ExxonMobil has also completed about 94 percent of its Kearl project in Canada’s oil sands and expects the development to come onstream before year-end. Management estimates the play’s initial production rate at about 160,000 barrels of bitumen per day and expects production to ramp up to 500,000 barrels per day, once all phases of the project have been completed. Bitumen is an extremely heavy form of oil that must be diluted with natural gas liquids or processed into a synthetic crude oil to ship via pipeline. Many North American refineries can process this heavy oil, which often trades at a discount to light, sweet varietals.
Through a joint venture with Rosneft (Moscow: ROSN), ExxonMobil also has exposure to the Arctic, one of the final frontiers to explore for oil and gas. The two giants will jointly develop tight oil prospects in Western Siberia. ExxonMobil has extensive experience with horizontal drilling and hydraulic fracturing, two technologies that are essential to unlocking the hydrocarbons in low-permeability reservoir rocks.
Rosneft and ExxonMobil are also setting up an Artic research center for evaluating offshore oil and gas fields in Russia and developing technologies to handle extreme conditions in these regions.
On the exploration front, ExxonMobil, along with partner Statoil (Oslo: STL, NYSE: STO) has made major finds offshore Tanzania. (See East Africa’s Energy Boom.) The company also announced another gas find in Papua New Guinea that will likely feed the firm’s liquefied natural gas trains in the region and promising well results in Romania and Vietnam.
In the Americas, ExxonMobil continues to ramp up production in unconventional fields. The firm’s US gas production appears to have peaked for the time being, as the company shifts drilling activity to oil- and natural gas liquids-rich plays. For example, ExxonMobil’s production in the Bakken Shale surged 60 percent from year-ago levels to 32,000 barrels per day.
Management continues to reiterate that natural gas will become an increasingly important part of the world’s energy mix over the long term and that prices will recover from depressed levels. By virtue of its size and the strength of its balance sheet, ExxonMobil can afford to take the long view on natural-gas prices and demand.
ExxonMobil is also moving ahead with drilling its acreage in Argentina’s Neuquen Basin, a shale oil play that’s often likened to the Eagle Ford Shale in Texas. The firm has drilled and is evaluating three test wells; investors should expect an on the play’s potential over the next two to three quarters.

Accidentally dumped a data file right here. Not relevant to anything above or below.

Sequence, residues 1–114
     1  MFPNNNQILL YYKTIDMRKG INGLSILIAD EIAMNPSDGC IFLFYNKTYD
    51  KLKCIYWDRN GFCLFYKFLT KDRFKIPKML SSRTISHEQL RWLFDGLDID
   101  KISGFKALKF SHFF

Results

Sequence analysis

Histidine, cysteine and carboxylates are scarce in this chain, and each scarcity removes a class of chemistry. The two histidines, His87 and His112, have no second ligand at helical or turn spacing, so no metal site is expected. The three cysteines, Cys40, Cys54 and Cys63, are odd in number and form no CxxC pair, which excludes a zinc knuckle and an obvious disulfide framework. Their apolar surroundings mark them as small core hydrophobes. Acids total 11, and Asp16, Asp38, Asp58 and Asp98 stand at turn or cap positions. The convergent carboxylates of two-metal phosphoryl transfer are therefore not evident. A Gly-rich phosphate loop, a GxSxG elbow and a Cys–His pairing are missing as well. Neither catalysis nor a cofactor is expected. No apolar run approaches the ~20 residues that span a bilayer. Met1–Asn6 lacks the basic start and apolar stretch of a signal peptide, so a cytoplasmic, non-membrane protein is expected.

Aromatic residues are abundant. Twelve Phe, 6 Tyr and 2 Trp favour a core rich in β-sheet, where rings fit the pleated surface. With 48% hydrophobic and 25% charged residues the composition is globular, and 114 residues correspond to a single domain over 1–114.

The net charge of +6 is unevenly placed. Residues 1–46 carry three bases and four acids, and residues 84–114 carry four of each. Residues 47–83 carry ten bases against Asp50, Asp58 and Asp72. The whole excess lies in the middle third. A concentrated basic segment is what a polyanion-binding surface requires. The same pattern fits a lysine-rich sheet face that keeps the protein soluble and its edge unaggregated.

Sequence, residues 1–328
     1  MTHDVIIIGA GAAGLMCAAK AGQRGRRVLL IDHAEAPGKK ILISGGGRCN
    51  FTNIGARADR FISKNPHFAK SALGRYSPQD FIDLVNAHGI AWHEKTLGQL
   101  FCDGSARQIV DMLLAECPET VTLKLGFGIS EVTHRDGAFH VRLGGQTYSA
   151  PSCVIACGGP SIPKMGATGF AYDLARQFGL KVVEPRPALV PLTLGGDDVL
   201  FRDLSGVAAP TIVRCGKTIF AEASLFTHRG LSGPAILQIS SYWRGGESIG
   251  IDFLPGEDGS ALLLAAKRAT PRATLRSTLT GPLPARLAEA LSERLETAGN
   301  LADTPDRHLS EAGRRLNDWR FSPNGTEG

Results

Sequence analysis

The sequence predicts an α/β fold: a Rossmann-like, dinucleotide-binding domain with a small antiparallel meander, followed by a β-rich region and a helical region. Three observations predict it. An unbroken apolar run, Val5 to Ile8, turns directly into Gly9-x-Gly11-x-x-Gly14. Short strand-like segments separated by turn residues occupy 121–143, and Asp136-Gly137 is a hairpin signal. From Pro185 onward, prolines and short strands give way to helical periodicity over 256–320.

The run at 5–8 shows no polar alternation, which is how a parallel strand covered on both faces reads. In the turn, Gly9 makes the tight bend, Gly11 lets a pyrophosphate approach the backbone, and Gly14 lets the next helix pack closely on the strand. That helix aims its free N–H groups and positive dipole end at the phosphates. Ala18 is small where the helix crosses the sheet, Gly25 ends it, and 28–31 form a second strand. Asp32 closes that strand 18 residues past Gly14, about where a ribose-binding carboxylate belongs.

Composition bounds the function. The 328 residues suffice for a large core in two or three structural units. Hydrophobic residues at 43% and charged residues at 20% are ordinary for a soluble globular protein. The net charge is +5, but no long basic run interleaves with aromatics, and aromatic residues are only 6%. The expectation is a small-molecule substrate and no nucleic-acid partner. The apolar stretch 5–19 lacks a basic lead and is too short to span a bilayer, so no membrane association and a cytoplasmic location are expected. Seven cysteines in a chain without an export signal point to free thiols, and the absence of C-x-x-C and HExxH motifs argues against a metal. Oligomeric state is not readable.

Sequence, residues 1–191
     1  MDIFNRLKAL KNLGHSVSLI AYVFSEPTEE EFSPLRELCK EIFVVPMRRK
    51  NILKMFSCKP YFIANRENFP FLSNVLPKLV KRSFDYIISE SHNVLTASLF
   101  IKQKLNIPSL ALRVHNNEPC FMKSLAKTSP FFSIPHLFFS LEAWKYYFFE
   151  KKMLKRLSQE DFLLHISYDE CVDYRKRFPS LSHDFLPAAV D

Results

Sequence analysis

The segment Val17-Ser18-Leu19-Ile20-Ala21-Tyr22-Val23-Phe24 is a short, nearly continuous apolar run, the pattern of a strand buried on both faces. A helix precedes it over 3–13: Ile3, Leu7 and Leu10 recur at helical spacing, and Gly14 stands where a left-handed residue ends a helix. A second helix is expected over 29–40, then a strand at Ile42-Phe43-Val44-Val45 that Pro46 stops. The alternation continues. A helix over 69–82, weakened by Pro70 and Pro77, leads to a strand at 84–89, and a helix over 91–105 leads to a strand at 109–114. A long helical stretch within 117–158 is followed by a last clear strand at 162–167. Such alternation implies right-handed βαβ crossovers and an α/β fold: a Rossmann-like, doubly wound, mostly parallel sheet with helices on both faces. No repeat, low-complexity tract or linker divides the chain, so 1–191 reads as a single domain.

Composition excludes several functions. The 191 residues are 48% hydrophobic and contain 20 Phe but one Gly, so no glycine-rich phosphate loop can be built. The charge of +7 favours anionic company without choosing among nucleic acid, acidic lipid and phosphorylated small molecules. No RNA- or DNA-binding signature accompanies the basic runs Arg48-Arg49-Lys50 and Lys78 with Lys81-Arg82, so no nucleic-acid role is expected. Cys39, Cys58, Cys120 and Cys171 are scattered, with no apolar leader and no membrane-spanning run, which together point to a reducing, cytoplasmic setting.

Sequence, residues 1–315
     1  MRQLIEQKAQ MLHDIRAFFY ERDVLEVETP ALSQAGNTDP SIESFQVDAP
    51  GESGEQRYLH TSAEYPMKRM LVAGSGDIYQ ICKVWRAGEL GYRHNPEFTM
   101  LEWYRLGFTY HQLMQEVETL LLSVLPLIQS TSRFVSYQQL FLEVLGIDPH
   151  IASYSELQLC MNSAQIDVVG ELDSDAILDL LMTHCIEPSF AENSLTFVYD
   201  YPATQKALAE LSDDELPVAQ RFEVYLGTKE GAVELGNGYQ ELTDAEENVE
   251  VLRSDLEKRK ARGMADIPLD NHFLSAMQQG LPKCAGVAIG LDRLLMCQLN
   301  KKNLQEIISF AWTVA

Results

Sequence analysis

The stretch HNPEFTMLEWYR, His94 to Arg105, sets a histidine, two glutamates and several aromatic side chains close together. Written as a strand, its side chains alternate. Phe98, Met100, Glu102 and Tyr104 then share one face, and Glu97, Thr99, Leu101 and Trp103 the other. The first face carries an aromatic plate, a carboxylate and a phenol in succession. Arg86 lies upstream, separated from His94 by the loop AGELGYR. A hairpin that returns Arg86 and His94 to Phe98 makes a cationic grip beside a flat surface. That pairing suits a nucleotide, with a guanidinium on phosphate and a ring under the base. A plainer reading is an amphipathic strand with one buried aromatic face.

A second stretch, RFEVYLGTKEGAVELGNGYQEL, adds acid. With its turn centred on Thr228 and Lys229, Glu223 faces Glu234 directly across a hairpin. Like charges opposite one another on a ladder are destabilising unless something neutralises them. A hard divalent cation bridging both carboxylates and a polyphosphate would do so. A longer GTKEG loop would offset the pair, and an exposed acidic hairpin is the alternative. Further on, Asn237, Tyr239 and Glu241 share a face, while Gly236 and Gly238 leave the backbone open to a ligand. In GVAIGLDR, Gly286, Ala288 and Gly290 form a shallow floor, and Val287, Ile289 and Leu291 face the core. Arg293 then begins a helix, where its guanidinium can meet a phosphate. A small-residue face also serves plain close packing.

Outside the upstream business, ExxonMobil generates about 10 percent of its annual net income from chemicals and another 10 percent from refining and marketing.
The chemicals operating segment is in the midst of expanding one of its Gulf Coast steam crackers to produce additional volumes of ethylene and propylene, the building blocks of innumerable plastics. ExxonMobil following in the footsteps of Dow Chemical (NYSE: DOW) and other operators that have expanded their domestic petrochemical operations to take advantage of the overabundance of natural gas and natural gas liquids.
ExxonMobil’s downstream earnings were on par with results from the second quarter of 2011, when you factor out gains related to restructuring its Japanese operations. Refining profit margins can be quite volatile from quarter to quarter. However, ExxonMobil’s massive base of refining capacity in different parts of the world and regions of the US enables the firm ramp up activity in areas that offer the best profit margins.
Investors shouldn’t expect production growth to drive appreciation in ExxonMobil’s stock; management expects the firm’s net output to increase at an average annual rate of only 1 percent to 2 percent over the next five years.
If we factor in roughly $20 billion per year in stock repurchases and a 2 percent to 3 percent dividend yield, the company has returned about 7 percent to 8 percent to shareholders per year.
ExxonMobil is a great company that deserves its premium valuation and is a foundational holding for a long-term portfolio. But at the stock’s current price, other names offer superior upside in the near term. You can uncover 5 of my top energy picks by checking out this free report.
Stocks Discussed: XOM,